Getting from Bucharest to Otopeni Airport you have the same choices, but if you need to leave during rush hours (7-10 and 16-19) there are high chances buses will be running late and cars will be stuck in traffic. Be sure to leave in advance and here’s one of my personal hacks of getting to the airport quicker: I take the subway to Aviatorilor Metro Station (blue line), exit on the left corridor leading out and take a taxi from there to Bucharest Otopeni. You might still catch some traffic, but you'll save a lot of time getting from the city centre to there.

  • Local tip #1: food and drinks are outrageously expensive in Otopeni Airport (2-3x times higher prices). Pick up something from the city or a gas station on your way there. In case you’re hungry and looking for a warm meal, there’s a food court once you're passed security at gates 24 – 29.
  • Local tip #2: exchange houses in the airport offer very bad rates compared with what you can get in the city. Change 20 Euro for taxi fare or use an ATM from a local bank to get Romanian Lei.

You might hear or read about Bucharest Henri Coanda Expres - it's a train + bus service that's unreliable and not worth talking about. Also, there used to be a second, smaller airport called Bucharest Aurel Vlaicu Baneasa on the Northern outskirts of the city. It was closed for commercial flights several years ago, so don’t confuse it with Bucharest Airport (Otopeni), unless you’re flying private :)


6. Bucharest North Train Station - Gara de Nord

The main train station in Bucharest is Gara de Nord (translated simply as North Train Station). This is where all national and international trains arrive and depart. If you come across other train stations such as Bucharest Baneasa or Basarab, just ignore them.

Gara de Nord is always bustling with activity will give you the usual 'train station' experience: confused travelers, rushed locals, bored station workers, and, of course, scammers and beggars trying to get something out of everyone! Inside the train station there are many places to get food, sandwiches, drinks and there’s even a supermarket and exchange office.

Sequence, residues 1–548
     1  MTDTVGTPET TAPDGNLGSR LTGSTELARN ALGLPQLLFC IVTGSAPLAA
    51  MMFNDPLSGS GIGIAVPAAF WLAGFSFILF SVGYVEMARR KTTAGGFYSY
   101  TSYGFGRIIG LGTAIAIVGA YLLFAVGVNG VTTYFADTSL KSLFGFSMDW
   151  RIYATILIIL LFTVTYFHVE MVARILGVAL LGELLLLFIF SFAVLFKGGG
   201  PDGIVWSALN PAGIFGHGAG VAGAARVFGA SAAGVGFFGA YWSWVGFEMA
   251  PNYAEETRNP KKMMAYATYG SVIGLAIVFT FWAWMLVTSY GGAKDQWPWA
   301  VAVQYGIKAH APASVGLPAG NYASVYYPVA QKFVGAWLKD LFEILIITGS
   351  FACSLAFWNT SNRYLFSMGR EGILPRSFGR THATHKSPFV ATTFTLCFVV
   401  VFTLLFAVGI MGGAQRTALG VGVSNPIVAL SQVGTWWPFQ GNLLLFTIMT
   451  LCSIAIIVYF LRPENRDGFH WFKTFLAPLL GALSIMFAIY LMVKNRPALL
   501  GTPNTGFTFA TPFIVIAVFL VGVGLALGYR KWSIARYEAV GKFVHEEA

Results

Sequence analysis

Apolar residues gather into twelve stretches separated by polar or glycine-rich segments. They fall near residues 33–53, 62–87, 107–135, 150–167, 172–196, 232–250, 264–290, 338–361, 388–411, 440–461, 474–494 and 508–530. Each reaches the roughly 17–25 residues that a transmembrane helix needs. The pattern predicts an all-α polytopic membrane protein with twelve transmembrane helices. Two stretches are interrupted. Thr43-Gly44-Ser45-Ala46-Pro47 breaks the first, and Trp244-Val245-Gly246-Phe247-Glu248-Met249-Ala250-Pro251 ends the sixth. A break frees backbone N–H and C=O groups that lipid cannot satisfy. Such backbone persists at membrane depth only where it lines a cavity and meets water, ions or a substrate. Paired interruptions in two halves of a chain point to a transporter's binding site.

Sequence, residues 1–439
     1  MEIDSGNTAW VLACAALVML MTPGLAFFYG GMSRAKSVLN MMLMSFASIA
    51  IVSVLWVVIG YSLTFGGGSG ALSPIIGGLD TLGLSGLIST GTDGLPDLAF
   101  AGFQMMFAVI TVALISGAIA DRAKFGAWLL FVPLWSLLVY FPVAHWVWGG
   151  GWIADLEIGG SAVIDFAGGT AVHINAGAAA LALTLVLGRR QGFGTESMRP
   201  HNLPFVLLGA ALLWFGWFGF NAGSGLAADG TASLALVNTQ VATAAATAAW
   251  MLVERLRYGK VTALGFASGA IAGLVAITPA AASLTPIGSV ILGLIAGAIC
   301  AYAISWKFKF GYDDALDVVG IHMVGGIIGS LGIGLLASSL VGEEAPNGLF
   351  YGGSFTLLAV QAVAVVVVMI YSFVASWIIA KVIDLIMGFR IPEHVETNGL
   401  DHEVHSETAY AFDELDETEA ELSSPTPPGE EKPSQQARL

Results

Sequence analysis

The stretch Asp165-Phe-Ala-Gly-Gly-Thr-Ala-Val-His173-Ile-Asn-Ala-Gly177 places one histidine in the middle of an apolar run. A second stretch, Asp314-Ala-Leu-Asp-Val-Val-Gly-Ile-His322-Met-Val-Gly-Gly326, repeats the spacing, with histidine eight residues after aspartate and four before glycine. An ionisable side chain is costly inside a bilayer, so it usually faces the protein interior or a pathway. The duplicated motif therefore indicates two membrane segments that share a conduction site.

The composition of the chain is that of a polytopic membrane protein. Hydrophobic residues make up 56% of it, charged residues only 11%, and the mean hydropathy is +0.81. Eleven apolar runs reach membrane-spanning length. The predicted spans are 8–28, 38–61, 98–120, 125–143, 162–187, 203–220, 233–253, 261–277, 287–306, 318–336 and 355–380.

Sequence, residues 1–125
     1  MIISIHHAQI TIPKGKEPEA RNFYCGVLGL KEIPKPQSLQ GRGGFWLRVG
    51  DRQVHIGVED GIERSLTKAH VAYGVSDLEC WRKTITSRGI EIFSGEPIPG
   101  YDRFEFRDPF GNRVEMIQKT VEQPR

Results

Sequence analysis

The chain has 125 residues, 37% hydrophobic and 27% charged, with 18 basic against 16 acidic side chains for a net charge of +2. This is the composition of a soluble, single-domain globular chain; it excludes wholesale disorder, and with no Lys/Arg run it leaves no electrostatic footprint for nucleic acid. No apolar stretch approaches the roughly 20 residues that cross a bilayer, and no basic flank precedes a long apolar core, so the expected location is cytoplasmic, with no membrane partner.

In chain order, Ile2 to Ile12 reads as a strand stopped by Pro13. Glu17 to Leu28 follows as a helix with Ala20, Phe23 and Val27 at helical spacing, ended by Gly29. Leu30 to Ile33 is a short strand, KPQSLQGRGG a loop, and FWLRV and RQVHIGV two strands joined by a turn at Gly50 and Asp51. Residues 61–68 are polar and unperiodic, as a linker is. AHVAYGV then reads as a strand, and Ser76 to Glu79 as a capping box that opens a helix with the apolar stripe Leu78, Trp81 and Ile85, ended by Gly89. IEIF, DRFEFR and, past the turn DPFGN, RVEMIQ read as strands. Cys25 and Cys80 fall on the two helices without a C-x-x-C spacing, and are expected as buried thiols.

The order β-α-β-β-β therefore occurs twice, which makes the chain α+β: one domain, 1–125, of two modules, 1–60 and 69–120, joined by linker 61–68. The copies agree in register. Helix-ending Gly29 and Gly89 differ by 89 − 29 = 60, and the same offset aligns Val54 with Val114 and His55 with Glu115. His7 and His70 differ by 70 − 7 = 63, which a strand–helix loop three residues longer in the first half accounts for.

If you’re looking for info about buying train tickets and navigating Romania by train, check our guide on getting around Romania.

From the train station to the city. When arriving in Gara de Nord look for signs leading to the ‘authorised taxis’ station which is down the very long, wide and tall corridor as you arrive (pictured above). You will be approached by people offering ‘taxi’ services - refuse. Outside the building if taxi drivers first ask where you’re going and then try to negotiate the fare, refuse. If you can’t find a decent taxi, use Uber or Taxify.

Getting there. The North Train Station is located in the North-Western part of Bucharest. You can get there using the yellow subway line and get off at Gara de Nord station. For a cost of 2-4 Euros, a taxi or an Uber is a better and more convenient choice than taking the bus, and sometimes quicker than using the metro.


7. Bucharest taxis: costs, tips, safety and apps

The first piece of honest truth - taxi services in Bucharest should be treated with caution because their reputation is notoriously bad for good and many reasons which I won’t go into much detail. But if you follow my advice below on how to order a taxi in Bucharest like a local you’ll see how easy and safe it can be to use them and avoid bad experiences.

The second honest truth is that taxis and hired cars are a very cheap and convenient way of getting around Bucharest, especially since subway stations don’t cover some parts of the city or tourist sights. Other public transport such as buses and trams are not worth the hassle, as we'll explain below.


There are many official licensed taxi companies and their cars are yellow with the name of the company on the hood. Fares and rates are calculated per km: the lowest starts from 1,39 Lei, 1,69 Lei is standard while 3,5 Lei is for premium cars. Cost of rides should not be negotiated as fares are clearly written on both sides of the car and displayed on the meter (which should be visible) before and during the ride. A taxi ride from Bucharest to Otopeni Airport will cost about 30-40 Lei while most rides in the city will cost 10-25 Lei. Paying 10 Lei for a 8 Lei ride is common, as is rounding up or leaving a tip of 10% or 1-3 Lei. To put things into perspective, remember that 1€ = 4,7 Lei.

And now my most important piece of advice: everyone in Bucharest uses smartphone apps to order taxis online, and so should you. They’re easy to use, are tracked based on location and drivers have individual profiles and reviews from clients. Few problems, if any, have been reported, so they should be your go-to choice. Here are the most popular taxi apps I recommend: